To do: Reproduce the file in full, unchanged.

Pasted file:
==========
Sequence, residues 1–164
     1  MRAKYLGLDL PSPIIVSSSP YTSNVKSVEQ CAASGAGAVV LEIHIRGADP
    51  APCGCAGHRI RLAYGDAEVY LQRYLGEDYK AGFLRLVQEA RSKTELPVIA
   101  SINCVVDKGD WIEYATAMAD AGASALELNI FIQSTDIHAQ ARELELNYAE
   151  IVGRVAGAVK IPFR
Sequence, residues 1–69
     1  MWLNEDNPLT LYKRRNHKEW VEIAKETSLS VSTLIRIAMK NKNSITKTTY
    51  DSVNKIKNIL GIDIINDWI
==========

Sequence, residues 1–164
     1  MRAKYLGLDL PSPIIVSSSP YTSNVKSVEQ CAASGAGAVV LEIHIRGADP
    51  APCGCAGHRI RLAYGDAEVY LQRYLGEDYK AGFLRLVQEA RSKTELPVIA
   101  SINCVVDKGD WIEYATAMAD AGASALELNI FIQSTDIHAQ ARELELNYAE
   151  IVGRVAGAVK IPFR
Sequence, residues 1–69
     1  MWLNEDNPLT LYKRRNHKEW VEIAKETSLS VSTLIRIAMK NKNSITKTTY
    51  DSVNKIKNIL GIDIINDWI